British Academy Award-nominated actor Riz Ahmed has spoken out against the negative portrayals of Muslims on-screen.
His public criticism comes after a study was released by a US think tank that examined diversity in entertainment and the portrayal of Muslim characters in top international films.
The report, “Missing and Maligned”, published by the USC Annenberg Inclusion Initiative and funded by the Ford Foundation, found an “erasure and demeaning depiction” of Muslims on-screen in the top 200 most-watched films.
“I’m fed up of seeing Muslim characters on screen either negative or non-existent. The industry must change,” Ahmed, a Muslim of Pakistani heritage, wrote on Twitter.
The actor said he was “launching a solution” to the problem through a new fund for Muslim filmmakers in association with the Pillars Fund, an organisation that works on amplifying the stories and talents of Muslims in the US.
The $25,000 artist fellowship award for Muslim storytellers is backed by a host of other notable Muslim performing artists, including two-time Academy Award winner Mahershala Ali and Golden Globe winner Rami Youssef.
"The problem with Muslim representation is one that can't be ignored any more and it's one that I can't fix alone," the actor, who is known for his roles in Four Lions and Nightcrawler, said.
“I ask myself if I am the exception to the rule, then what must the rule be about people like me?”
The Sound of Metal star shared a troubling experience from 2006 when, upon his return home from a win at the Berlin Film Festival for his role in The Road to Guantanamo, he was accosted by UK security officials.
Instead of being greeted as “heroes”, he said he and his crew were detained and interrogated.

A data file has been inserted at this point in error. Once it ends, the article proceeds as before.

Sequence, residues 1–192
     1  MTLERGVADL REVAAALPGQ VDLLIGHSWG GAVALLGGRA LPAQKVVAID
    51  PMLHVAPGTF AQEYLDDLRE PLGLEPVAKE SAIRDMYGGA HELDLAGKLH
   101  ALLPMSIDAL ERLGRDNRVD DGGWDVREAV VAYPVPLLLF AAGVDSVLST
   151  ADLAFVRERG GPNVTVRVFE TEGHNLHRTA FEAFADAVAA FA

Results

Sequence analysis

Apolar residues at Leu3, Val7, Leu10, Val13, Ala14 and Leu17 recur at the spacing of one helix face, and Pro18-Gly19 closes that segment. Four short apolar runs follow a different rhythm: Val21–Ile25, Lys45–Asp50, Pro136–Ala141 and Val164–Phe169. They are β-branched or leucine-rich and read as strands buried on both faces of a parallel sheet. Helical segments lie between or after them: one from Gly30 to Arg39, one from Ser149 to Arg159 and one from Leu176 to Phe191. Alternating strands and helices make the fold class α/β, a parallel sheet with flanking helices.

“They put their finger in my face and asked me if I became an actor to further the Muslim struggle.”
Despite his many career successes since, he said that his experience at airports has not improved much over the years.
Being the first Muslim to be nominated for a Best Actor Oscar this year was, he said, a "bittersweet moment" and created conflicting feelings of "personal gratitude" and "tremendous sadness".
“How is it that out of 1.6 billion people, a quarter of the world’s population, none of us had ever been in this position until now?”
The study said that out of the 200 films watched in the study, 181 – more than 90 per cent – had no Muslim characters at all and only 1.6 per cent of the 8,965 speaking characters were Muslim.
The fair and diverse representation of non-white characters in popular films has become a hot topic in the industry in recent years.
This year's Oscars, in which Chloe Zhao became the first Asian woman to win Best Director, was lauded for being the most diverse awards yet, but many professionals in the industry say more needs to be done.
On Friday, the arts organisation for Middle Eastern and North African professionals, Mena Arts UK, published an open letter criticising the new production of Joseph & the Amazing Technicolor Dreamcoat for the lack of diversity among its principal characters.
“As you well know, the story of Joseph is a Mena story with Mena characters,” the organisation said in the letter, which was also sent to the musical’s creator, Andrew Lloyd Webber.
Set in ancient Egypt, the show is loosely based on the biblical story of Jacob and his son Joseph.
“Our UK industry has an abundance of Mena talent, including performers with the skills and experience required for professional musical theatre. We therefore find the casting choice very disappointing and confusing,” Mena Arts UK said.